verb (used with object)
verb (used without object)
- in a desperate situation; beyond help: His financial affairs are up the spout.
Origin of spout
Synonyms for spout
Examples from the Web for spouter
Historical Examples of spouter
"And if they don't, you let me know, and we'll attend to them," said Spouter to his cousin.
"You ought to let us all have a hand in that, Andy," put in Spouter.
"Right you are," had come from his particular chum, Spouter Powell.
"Well, Spouter Powell is a good skater, too," returned another.
Again there was a silence, and then Spouter came to the front.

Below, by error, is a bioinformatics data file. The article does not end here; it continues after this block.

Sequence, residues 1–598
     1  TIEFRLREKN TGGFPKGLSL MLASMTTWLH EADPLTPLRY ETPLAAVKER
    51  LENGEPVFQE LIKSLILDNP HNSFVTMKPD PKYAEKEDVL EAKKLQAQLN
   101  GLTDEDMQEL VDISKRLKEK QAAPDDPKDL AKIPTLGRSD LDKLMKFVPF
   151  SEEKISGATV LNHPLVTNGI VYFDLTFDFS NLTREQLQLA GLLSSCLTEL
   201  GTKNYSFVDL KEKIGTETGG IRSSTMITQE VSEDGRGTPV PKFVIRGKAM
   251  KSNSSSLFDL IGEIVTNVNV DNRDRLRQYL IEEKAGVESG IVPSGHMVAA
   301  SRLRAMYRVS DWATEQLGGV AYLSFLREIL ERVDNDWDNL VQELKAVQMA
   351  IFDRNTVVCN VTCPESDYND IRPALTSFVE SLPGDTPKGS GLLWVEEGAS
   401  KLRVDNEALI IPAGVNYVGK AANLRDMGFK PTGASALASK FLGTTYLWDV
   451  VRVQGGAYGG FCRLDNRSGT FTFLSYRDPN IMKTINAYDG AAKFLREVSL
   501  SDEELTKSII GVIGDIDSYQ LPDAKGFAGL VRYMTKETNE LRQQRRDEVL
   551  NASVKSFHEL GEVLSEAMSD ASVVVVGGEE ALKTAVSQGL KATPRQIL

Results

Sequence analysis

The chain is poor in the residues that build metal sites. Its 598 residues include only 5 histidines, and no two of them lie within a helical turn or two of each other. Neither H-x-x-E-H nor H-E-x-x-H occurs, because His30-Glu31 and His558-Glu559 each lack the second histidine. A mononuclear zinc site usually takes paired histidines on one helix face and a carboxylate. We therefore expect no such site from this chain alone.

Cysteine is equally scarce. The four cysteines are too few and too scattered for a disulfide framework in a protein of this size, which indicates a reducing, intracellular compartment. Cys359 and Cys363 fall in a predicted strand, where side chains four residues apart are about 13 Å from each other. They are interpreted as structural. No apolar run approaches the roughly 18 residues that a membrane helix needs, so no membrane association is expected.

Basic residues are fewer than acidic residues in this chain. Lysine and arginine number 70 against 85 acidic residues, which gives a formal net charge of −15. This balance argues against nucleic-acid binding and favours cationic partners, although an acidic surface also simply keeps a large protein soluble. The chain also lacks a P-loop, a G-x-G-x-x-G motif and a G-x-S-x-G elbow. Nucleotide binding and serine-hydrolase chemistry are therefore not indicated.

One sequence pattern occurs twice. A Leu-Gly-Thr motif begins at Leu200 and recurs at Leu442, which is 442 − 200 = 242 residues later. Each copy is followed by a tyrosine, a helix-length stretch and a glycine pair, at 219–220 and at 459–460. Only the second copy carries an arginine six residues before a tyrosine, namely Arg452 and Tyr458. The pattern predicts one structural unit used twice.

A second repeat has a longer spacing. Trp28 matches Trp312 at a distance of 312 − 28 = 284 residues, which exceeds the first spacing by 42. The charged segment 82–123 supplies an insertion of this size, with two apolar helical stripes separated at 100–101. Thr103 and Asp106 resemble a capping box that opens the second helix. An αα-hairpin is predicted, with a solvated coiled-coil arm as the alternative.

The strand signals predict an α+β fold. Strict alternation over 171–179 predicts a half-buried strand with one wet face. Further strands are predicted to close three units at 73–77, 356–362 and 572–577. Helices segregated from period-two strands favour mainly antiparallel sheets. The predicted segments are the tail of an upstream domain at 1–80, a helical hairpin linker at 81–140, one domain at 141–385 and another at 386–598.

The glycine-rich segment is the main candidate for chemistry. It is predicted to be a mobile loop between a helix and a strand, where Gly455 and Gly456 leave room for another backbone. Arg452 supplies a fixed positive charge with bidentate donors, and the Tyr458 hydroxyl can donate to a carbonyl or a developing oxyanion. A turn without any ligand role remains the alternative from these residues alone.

- ruined or lostany hope of rescue is right up the spout
Word Origin for spout
early 14c., related to Middle Dutch spoiten "to spout," North Frisian spütji "spout, squirt," Swedish sputa "to spout," and probably Middle Dutch spuwen "to spit" (see spew). Meaning "to talk, declaim" is recorded from 1610s.
late 14c., from spout (v.). It was the slang term for the lift in a pawnbroker's shop, up which articles were taken for storage, hence figurative phrase up the spout "lost, hopeless, gone beyond recall" (1812).